The Intestinal Pathobiome: Its Reality and Consequences Among Infants and Young Children

October 21, 2013 by WASHplus

The Intestinal Pathobiome: Its Reality and Consequences Among Infants and Young Children in Resource-Limited Settings. Journal of Infectious Diseases Advance Access, October 9, 2013

E Ryan.

It seems that for infants in resource-limited areas, the norm is a chronic state of intestinal inflammation with villous blunting and intestinal leakage and malabsorption, a condition that plays into a cycle of malnutrition, micronutrient deficiencies, and growth impairment and results in cognitive delay, poor take of intestinal vaccines, and poor absorption of nutrients and critical medications. As death rates from diarrhea continue to fall globally, we must more fully recognize the repercussions and longitudinal morbidity associated with the polypathogen mix in the intestines of surviving infants and children, especially its relationship with environmental enteropathy.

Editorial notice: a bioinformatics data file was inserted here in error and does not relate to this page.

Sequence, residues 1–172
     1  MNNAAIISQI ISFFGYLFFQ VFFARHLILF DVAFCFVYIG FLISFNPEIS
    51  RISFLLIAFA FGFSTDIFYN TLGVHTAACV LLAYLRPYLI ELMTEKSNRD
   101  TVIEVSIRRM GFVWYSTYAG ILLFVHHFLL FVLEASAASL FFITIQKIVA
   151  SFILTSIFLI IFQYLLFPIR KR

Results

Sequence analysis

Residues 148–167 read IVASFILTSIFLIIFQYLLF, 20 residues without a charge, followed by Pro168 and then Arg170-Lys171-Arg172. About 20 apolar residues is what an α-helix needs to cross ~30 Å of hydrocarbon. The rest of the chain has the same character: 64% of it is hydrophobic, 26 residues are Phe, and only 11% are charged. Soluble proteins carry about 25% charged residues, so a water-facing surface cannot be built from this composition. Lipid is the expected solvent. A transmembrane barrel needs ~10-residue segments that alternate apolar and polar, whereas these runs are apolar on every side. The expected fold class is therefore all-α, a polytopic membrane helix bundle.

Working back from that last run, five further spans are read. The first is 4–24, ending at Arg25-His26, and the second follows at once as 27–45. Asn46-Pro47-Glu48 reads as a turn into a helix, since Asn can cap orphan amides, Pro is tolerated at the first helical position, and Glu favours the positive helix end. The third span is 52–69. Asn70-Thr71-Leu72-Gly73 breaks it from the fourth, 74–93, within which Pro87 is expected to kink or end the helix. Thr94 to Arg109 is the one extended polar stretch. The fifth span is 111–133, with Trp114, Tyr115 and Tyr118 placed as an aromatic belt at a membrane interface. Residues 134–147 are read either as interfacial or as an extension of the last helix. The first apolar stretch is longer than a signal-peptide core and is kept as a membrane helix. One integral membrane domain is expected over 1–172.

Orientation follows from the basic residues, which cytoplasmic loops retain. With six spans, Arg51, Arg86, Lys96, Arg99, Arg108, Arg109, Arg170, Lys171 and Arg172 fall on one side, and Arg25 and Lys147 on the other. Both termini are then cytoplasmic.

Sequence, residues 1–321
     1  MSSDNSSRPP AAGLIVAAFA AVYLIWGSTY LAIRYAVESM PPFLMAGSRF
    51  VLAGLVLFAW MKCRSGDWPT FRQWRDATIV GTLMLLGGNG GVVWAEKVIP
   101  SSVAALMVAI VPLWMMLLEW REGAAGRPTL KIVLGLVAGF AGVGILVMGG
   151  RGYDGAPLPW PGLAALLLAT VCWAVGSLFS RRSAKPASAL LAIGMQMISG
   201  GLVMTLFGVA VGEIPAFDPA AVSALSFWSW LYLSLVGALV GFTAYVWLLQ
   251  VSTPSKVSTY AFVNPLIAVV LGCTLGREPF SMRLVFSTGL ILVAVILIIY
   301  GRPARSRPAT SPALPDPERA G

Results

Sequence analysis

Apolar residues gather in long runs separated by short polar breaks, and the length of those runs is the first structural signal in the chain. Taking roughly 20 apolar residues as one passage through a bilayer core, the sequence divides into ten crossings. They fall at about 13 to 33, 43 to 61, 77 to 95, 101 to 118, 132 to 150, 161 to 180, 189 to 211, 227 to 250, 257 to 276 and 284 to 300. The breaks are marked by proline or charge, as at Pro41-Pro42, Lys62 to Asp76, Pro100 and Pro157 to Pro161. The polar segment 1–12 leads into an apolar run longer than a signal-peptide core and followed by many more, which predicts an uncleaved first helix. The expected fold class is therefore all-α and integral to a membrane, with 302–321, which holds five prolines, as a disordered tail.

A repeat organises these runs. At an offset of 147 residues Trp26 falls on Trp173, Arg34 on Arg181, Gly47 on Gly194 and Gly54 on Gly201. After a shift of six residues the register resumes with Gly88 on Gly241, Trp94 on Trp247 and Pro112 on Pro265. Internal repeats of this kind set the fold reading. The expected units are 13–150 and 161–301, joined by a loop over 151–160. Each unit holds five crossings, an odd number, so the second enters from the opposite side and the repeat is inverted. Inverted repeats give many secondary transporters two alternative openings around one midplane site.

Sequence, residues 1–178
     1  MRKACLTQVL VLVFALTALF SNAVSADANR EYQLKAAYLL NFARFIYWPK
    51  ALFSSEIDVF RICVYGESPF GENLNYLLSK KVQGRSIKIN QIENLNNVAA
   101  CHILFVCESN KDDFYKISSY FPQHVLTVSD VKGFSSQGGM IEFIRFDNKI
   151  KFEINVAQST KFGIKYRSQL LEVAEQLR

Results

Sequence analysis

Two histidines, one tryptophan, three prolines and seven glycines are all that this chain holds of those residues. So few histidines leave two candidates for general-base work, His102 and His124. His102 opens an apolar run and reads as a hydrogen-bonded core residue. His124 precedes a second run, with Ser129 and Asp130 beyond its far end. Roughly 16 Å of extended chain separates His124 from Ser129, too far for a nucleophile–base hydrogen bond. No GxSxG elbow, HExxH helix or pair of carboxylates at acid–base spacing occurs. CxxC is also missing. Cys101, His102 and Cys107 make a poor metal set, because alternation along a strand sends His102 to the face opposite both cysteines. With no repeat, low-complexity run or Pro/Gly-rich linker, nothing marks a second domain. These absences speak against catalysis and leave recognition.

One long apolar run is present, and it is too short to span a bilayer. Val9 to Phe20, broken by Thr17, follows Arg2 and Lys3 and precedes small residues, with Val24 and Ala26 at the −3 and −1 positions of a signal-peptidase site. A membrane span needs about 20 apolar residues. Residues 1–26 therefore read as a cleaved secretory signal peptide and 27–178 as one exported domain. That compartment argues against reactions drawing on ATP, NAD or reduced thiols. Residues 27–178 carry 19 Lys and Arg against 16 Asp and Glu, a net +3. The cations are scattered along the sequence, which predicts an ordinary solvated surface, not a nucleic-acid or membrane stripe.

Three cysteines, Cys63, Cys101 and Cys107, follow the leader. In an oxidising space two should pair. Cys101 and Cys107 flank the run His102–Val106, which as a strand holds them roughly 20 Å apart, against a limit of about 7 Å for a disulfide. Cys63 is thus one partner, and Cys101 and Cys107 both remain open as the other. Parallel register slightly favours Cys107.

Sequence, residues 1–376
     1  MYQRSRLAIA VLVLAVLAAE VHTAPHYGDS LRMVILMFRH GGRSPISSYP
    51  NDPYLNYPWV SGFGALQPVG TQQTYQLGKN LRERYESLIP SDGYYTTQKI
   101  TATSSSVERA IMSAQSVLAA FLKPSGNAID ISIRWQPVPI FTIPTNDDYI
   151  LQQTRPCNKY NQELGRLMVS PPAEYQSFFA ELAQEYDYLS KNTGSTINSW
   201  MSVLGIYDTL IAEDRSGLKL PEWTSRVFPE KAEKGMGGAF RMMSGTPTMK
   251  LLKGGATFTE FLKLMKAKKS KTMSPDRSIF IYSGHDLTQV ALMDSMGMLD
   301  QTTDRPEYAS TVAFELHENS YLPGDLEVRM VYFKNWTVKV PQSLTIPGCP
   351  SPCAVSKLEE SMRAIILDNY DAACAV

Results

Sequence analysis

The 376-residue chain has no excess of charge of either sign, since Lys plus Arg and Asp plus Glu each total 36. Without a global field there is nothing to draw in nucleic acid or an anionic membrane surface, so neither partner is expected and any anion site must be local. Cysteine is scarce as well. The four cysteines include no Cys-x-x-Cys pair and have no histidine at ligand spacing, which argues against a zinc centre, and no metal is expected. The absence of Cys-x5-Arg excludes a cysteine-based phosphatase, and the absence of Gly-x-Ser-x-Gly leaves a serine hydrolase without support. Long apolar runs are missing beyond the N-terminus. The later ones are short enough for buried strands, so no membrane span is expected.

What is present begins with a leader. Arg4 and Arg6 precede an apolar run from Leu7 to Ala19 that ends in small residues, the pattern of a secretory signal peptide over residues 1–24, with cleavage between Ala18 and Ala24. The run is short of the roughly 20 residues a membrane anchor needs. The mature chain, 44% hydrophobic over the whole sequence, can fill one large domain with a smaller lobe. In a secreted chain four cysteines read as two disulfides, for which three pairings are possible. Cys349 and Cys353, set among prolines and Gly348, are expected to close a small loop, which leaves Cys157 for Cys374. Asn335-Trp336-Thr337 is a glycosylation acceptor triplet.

The ultimate and optimal solution to all of these issues is safe water and adequate sanitation for all; however, with 0.8 billion individuals currently lacking safe water, and >2 billion currently lacking adequate sanitation, it will unfortunately take decades to reach such elusive goals of global equity. In the meantime, we as a global health community will have to ascertain more fully and then deal with the negative consequences of allowing a pathobiome to become the “normobiome” for so many infants and young children around the world.

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